Luis Severino had to be helped off the field in the second inning of his rehab start on Saturday with an apparent foot injury.
PHILADELPHIA — Luis Severino hit an unexpected setback in his return from Tommy John surgery Saturday, when he had to leave a rehab start after suffering a right groin injury.
The right-hander had to be helped off the field after coming up lame in the second inning while pitching for High-A Hudson Valley in their game at the Brooklyn Cyclones, a Mets affiliate. After striking out the first two batters of the inning, Severino surrendered an infield single before suffering the injury against the next batter.
He is scheduled to undergo an MRI exam on Sunday to diagnose the extent of the injury.
Severino was fine in his first rehab start with Low-A Tampa last Sunday, following February 2020 elbow surgery. The Yankees had hoped for his potential return to The Bronx by July.
That certainly will be delayed now, adding to the Yankees’ rotation troubles.
Corey Kluber remains out indefinitely with a right shoulder strain and Jameson Taillon was unable to get out of the first inning against the Phillies on Saturday.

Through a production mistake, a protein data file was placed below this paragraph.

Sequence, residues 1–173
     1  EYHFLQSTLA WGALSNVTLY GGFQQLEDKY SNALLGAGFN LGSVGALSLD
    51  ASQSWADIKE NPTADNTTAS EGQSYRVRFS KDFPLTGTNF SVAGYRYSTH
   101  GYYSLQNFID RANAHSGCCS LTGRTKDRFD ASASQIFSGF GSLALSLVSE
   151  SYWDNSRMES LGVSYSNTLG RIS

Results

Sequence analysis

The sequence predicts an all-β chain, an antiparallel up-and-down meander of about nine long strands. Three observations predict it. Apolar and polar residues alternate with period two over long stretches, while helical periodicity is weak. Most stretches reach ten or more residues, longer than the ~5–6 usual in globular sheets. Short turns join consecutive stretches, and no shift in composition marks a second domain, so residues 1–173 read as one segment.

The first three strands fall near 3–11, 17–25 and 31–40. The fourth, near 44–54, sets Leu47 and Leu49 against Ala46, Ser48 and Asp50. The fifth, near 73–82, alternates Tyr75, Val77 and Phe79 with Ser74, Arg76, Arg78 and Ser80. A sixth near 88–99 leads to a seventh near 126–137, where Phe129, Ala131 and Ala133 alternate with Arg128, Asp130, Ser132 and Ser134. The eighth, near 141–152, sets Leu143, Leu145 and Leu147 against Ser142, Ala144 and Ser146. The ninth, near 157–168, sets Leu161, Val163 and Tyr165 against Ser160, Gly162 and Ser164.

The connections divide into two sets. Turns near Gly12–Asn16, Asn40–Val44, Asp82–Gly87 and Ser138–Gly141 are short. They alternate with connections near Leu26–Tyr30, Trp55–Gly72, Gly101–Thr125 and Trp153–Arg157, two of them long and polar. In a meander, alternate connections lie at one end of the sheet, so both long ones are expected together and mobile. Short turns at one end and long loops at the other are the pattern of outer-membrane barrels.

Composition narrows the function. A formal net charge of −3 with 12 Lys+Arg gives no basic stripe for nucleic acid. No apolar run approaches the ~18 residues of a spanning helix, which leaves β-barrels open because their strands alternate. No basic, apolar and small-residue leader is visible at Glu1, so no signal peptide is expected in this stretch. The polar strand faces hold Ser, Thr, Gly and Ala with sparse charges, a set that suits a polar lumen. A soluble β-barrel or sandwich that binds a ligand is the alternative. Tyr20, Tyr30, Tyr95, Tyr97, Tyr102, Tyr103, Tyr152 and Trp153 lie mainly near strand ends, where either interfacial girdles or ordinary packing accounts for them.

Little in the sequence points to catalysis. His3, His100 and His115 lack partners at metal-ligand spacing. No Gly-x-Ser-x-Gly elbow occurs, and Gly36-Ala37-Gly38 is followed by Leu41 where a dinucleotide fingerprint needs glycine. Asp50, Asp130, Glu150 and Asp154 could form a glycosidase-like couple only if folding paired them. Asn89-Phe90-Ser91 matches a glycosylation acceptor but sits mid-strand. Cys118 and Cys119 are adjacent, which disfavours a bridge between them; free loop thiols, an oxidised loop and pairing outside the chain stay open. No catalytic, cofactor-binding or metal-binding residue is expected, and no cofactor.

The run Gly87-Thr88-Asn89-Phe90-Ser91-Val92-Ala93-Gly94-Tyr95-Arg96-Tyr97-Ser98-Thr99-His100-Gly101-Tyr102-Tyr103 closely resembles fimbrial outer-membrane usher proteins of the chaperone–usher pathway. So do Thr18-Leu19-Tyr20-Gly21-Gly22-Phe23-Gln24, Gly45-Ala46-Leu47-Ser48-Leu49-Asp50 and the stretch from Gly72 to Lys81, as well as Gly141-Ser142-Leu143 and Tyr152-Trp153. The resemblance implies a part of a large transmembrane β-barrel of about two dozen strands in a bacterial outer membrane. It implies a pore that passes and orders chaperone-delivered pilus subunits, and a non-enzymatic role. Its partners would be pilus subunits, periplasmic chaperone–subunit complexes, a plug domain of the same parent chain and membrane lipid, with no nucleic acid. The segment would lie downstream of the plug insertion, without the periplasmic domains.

The Yankees already figured to be in the market for a starting pitcher before the July 30 non-waiver trade deadline. If Severino is sidelined again for an extended period of time, that need only would grow more urgent.
It’s just the latest injury issue for Severino, who has pitched in just five games for the Yankees since signing a four-year, $40 million extension in February 2019. He missed most of that season after suffering rotator cuff inflammation in March and a strained lat in April.
This offseason, the Yankees signed Kluber to a one-year, $11 million deal with the hope that he would be a key part of a rotation that would be fortified by the return of Severino, giving the team a potential playoff rotation of Gerrit Cole, Kluber and Severino.
Now, both Kluber and Severino are out and the questions regarding the rotation behind Cole remain.
This story originally appeared on: NyPost - Author:Dan Martin